By Nancy Clark
If numbers persuade you, 1,600,000+ people have already taken the trip. And even with lions, tigers and bears, the Denver Zoo is one of the safest places one can frequent in the city. Minors under 16 are not allowed in if not accompanied by an adult. It eliminates the riffraff. Tames the wild, if you will.
Not to worry if you need to cool your heels before it’s your turn to tour Elephant Passage, wile the time away shopping for gifts and souvenirs at the Sol Street Market steps away. Or expand your international palate as you dine on worldwide flavors at the Kamala Café. The Asian BBQ Chicken lettuce wraps are especially gourmet. So not Mac-fast-fat. Healthy and yummy.
A show of how impressive this Elephant Passage really is…is the amount of time put into pre-planning. The Zoological Foundation began planning for the $50M+ improvement nine years prior to its opening in 2012. The vision was to construct an environment for the rapidly declining elephant population and at once provided sustainable practices. From start to finish the elephants’ habitat is 90% self-sufficient with biomass gasification systems converting the zoo’s waste to usable energy to power the exhibit, eliminating 1.5 million pounds of trash previously going to landfills.
Besides energy production, the habitat features a state-of-the-art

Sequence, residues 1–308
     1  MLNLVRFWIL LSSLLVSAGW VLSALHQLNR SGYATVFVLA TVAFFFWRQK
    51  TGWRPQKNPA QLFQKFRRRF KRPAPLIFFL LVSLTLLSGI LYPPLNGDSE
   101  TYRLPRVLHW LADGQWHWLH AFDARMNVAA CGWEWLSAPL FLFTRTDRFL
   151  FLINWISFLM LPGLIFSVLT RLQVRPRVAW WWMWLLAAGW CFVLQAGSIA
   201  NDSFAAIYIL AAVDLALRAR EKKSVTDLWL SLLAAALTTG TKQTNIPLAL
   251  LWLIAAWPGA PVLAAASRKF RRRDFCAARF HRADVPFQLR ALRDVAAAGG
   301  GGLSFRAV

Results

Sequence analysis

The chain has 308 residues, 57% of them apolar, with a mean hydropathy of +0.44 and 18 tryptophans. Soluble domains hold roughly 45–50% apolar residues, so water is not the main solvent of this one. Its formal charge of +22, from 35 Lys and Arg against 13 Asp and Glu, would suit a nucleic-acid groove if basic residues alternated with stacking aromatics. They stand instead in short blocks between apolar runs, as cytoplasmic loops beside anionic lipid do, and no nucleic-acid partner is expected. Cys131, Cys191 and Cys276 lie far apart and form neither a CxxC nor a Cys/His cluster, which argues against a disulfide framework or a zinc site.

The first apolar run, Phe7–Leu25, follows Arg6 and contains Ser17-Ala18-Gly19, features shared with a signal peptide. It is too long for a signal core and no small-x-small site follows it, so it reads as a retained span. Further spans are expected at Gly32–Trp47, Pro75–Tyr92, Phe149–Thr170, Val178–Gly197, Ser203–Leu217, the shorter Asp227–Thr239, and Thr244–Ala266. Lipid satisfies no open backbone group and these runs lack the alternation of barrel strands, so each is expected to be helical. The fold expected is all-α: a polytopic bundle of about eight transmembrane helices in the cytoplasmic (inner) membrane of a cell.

water filtration system recycling most of the 1.1 million gallons of water running through the Toyota namesake. Natural daylight in the windows and sky lights decreases the electric lighting used on the building interiors. Radiant floor heating indoors and in some outdoor locations is lower cost than traditional HVAC systems and lets the elephant kiddos keep their feet warm when playing outside in winter. Extra ventilation in the buildings improves the indoor air quality for both picadors and humans and the rooftops of these buildings are painted with reflective paint to reflect sunlight which in turn reduces cooling costs.
So whether your interest is in LEED (green) construction or in preserving the declining population of Asian elephants (their total population has decreased from 100,000+ to fewer than 35,000 in a matter of years), the zoo offers entertainment for all. Generations from now, elephants are sure to be even more of a rarity if predictions come true that they will become extinct in this century. Increasing human populations in Asia are encroaching on wild land that once was reserved for the Animal Kingdom. And of course there’s the problem with poaching.
If your desire is to get a laugh out of any of your leisure hours, you’re sure to achieve that while watching 11,000-pound Groucho, new to Denver and our zoo. Hailing from Ft. Worth, Texas, he’s 41 and loves to entertain onlookers by scooping up grasses and dropping on his wide head. It’s a method of keeping cool that his ancestors use in the jungle today. Rumor has it elephants have good memories. It’s a profound experience to watch them at your leisure and wonder what is going on in that oversized brain. Are you watching him, or is he really watching you?
The most impressive part of my afternoon safari was the staging that has gone into the Elephant Passage…it’s as good as a movie set. Battered old Jeeps with boxes of supplies strapped onto the roof give the sense that adventurers have paved the way for the rest of us to explore. Wear your camp shirt and splurge on a safari pith helmet. You’ll look the part. And if you leave it on your coffee table, it will give you a point of conversation for years to come.
2300 Steele Street
Denver, CO 80205
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